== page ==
From 2002 to 2010, Rigato was project manager for both the Algoma Steel cogeneration project in Sault Ste. Marie, and a coated paper project in the Gaspé Peninsula of Quebec.

He started his career as a mill plant engineer in 1973 and has been involved in mill operations for several companies in Ontario, Quebec and Washington State. Mr. Rigato started his career as a mill plant engineer in 1973.

Rigato is involved in various Thunder Bay organizations serving on the board of the Thunder Bay Port Authority, as executive secretary for the Da Vinci Centre, as a board member for the Northwestern Ontario Innovation Centre, and as a founding member of the Ambassadors North West.

Alan Spacek

Alan Spacek

Born and raised in Kapuskasing, Alan has been a lifelong community volunteer.  Building a career as a respected entrepreneur, owning and operating a number of businesses, Alan continues to serve as an active member of the Canadian Professional Sales Association (CPSA).

Elected Mayor of Kapuskasing in 2006, Alan was acclaimed for two more terms, retiring in December 2018. During his time as Mayor, Alan was a member of the Federation of Northern Ontario Municipalities for twelve years, serving as President for eight years until August 2018.

Alan was, and continues to be, very active and passionate about promoting Northern Ontario and the value of strong local government.  He has served as a Chair, President, executive member and board member in multiple organizations.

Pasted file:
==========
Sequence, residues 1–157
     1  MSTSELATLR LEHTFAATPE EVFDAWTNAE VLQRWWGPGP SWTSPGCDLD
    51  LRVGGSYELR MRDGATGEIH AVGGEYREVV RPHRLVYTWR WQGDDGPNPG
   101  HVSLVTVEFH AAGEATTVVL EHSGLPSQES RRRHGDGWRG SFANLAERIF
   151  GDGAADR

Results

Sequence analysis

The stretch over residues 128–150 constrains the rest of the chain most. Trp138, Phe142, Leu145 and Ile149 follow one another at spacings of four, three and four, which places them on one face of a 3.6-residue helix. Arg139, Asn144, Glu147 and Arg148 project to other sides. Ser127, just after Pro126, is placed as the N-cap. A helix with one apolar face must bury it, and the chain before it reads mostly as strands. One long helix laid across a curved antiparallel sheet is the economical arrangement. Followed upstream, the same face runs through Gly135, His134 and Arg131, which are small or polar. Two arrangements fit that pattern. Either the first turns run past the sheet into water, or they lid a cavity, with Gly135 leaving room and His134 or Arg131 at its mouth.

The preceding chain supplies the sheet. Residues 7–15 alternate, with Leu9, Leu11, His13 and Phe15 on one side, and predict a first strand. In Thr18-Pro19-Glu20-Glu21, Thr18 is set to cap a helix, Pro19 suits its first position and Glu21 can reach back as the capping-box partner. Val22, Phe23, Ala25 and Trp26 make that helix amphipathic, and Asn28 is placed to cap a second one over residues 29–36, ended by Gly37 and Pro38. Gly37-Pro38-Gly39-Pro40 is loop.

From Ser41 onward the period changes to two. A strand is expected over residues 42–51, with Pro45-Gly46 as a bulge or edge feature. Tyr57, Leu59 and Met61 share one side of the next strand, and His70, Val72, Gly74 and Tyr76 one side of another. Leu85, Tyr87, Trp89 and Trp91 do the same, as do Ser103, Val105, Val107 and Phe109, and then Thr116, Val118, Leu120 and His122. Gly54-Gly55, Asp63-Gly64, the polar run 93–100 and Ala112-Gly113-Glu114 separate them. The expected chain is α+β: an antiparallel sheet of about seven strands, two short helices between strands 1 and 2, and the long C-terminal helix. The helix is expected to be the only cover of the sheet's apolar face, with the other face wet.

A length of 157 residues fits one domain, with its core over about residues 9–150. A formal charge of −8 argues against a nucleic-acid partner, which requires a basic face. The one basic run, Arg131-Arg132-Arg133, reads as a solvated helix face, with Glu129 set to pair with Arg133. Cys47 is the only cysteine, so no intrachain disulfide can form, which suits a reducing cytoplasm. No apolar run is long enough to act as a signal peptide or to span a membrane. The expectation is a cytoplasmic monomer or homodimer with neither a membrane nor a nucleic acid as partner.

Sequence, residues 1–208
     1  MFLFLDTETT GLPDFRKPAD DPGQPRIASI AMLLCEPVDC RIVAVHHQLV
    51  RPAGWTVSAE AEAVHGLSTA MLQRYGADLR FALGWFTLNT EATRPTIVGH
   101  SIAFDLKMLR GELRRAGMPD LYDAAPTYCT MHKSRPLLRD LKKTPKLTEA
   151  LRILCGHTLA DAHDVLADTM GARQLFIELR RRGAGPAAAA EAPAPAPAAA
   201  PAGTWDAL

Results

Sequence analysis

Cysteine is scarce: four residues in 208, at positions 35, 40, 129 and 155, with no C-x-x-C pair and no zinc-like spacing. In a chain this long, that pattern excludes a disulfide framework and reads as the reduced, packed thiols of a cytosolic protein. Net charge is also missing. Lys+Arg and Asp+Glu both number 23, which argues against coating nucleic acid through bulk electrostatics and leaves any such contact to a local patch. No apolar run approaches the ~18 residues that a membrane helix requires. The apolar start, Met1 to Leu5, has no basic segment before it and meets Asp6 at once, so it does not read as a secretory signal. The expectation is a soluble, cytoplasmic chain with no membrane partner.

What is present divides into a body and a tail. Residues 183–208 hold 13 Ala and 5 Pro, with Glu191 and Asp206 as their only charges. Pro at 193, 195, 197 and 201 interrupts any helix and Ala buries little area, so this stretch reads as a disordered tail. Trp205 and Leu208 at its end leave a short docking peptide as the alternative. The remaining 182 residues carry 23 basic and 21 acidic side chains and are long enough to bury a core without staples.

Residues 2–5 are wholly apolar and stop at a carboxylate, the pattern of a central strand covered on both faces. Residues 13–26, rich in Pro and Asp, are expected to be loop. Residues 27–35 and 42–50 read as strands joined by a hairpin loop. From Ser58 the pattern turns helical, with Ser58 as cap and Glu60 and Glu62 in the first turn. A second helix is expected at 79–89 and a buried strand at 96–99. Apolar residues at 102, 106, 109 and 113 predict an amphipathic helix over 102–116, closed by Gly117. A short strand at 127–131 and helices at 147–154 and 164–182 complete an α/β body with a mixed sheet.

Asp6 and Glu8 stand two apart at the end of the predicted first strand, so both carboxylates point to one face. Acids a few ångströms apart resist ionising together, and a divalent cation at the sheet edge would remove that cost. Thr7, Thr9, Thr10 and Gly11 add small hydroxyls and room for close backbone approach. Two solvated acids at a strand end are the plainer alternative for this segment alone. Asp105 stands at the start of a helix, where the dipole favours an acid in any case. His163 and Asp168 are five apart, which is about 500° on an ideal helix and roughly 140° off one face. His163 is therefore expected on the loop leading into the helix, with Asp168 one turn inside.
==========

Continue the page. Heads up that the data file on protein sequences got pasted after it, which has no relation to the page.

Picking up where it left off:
Alan is currently an associate member of the Royal Canadian Legion Branch 85. In his spare time and as a member of the Ontario Federation of Anglers and Hunters, Alan enthusiastically enjoys all outdoor activities such as hunting, fishing, and snowmobiling alongside his family and friends.

Dr. Brian Tucker

Dr. Brian Tucker
Secretary

Dr. Brian Tucker is an ecologist specializing in terrestrial ecology and spatial statistics, with additional background in ecological restoration. He is a resident of Northwestern Ontario and has a strong connection to his Métis community, the traditional Métis way of life, as well as the commercial fishing, logging and trapping industries. He is currently the Manager of Métis Traditional Knowledge and Land Use for the Métis Nation of Ontario.

Brian was born and grew up in Northwestern Ontario (Fort Frances), where his traditional lifestyle fostered and maintained a close connection to the lands and waters of the north. He grew up hunting, fishing, trapping and harvesting plants as part of his Métis way of life. Before completing high school and moving away to attend post-secondary education, he worked at the family commercial fishing, trapping, and logging operations. He has also worked in the tourism industry, primarily as a fishing guide.